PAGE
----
"The chair is the spokesperson for our work and it’s impossible for a spokesperson of an all-parliamentary committee where reproductive choice is at the foundation of women’s equality … to be able to communicate and articulate our work,” said NDP MP Sheila Malcolmson.
But Gladu pointed out the role of chair is largely procedural and has no impact on the topics discussed. The Liberals hold a majority on the committee; they could have voted against her nomination, and they control the agenda, she said.
“I think this might be overreach on the part of the Liberals,
because it does come across as extraordinarily heavy-handed,” said
Cardus Family program director Andrea Mrozek.
Mrozek said it “looks really bad to tell [Harder] she’s got the wrong views so we’re not even going to talk to you.”
For International Women’s Day last March, Cardus Family released a study showing 60 per cent of women believe it’s possible to be feminist and pro-life, Mrozek said.
“The poll also showed 60 per cent of women and 61 per cent of men do not think any one organization can speak on behalf of all Canadian women,” she said.
Mrozek said she longs for a return to the days when the talking points on the other side were that abortion should be “safe, legal and rare.”
“But today, to use the words ‘safe, legal and rare’ casts aspersion on the purported beauty of abortion,” Mrozek said. “I can’t believe how extreme these people are, but they are portrayed as being mainstream. These are not the talking points of even a decade ago.”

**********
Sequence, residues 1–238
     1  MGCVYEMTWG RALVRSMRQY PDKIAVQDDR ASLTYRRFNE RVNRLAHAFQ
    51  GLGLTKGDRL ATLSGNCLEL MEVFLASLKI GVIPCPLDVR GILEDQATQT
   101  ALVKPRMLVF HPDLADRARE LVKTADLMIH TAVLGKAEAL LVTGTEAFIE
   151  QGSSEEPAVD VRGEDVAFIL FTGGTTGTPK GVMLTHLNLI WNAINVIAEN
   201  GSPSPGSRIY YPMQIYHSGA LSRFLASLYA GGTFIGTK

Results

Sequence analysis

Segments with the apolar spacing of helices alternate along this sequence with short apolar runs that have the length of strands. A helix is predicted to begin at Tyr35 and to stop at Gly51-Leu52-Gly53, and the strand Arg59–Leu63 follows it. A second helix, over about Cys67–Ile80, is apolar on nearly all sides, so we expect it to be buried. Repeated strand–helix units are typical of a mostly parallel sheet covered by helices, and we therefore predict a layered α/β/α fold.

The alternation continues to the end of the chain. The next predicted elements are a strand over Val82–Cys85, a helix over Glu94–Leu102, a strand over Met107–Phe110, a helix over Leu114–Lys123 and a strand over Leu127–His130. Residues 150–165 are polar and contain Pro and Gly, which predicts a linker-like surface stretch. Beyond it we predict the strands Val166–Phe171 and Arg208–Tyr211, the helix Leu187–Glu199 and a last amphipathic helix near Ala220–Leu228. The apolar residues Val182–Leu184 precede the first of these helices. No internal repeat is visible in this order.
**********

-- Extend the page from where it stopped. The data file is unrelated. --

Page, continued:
“The problem isn’t that [Harder] is pro-life; the problem is they are pro-abortion, and only see advocating for women through that lens,” said Johanne Brownrigg, in charge of government relations for Campaign Life Coalition. “To me it appeared childish, and why grown women would not debate and argue and defend their point of view is certainly not representative of the women I know.”
“I think it’s a ploy and the Liberals are simply trying to take the focus off the serious taxation debates that are taking place,” she said.
“Trudeau’s policy of feminism as founded on abortion rights has led to a breakdown in democracy where dissenting voices are feared and silenced,” said We Need a Law’s Anna Nienhuis in a release. “If the Liberals and NDP were so certain of the rightness of their position, they would not fear a different opinion.”
“It also seems that they’ve forgotten that Ms. Harder is a woman herself, a woman who does not believe her equality rests in her access to abortion, a belief many of us Canadian women hold very strongly.”
“No sane person believes that all men think alike,” said REAL Women of Canada in a release. “So why do they hold such a peculiar standard for women?”
The women who walked out “disgraced all women by their actions, and insulted our intelligence, integrity and independence,” the independent pro-family and pro-life women’s group said, noting most women are not “obsessed” with abortion, nor is there any “right to abortion” according to either the Supreme Court of Canada or any United Nations treaty.
“Unless and until the Status of Women Committee is prepared to listen to the differing voices of all women in Canada, it should be disbanded,” REAL Women said.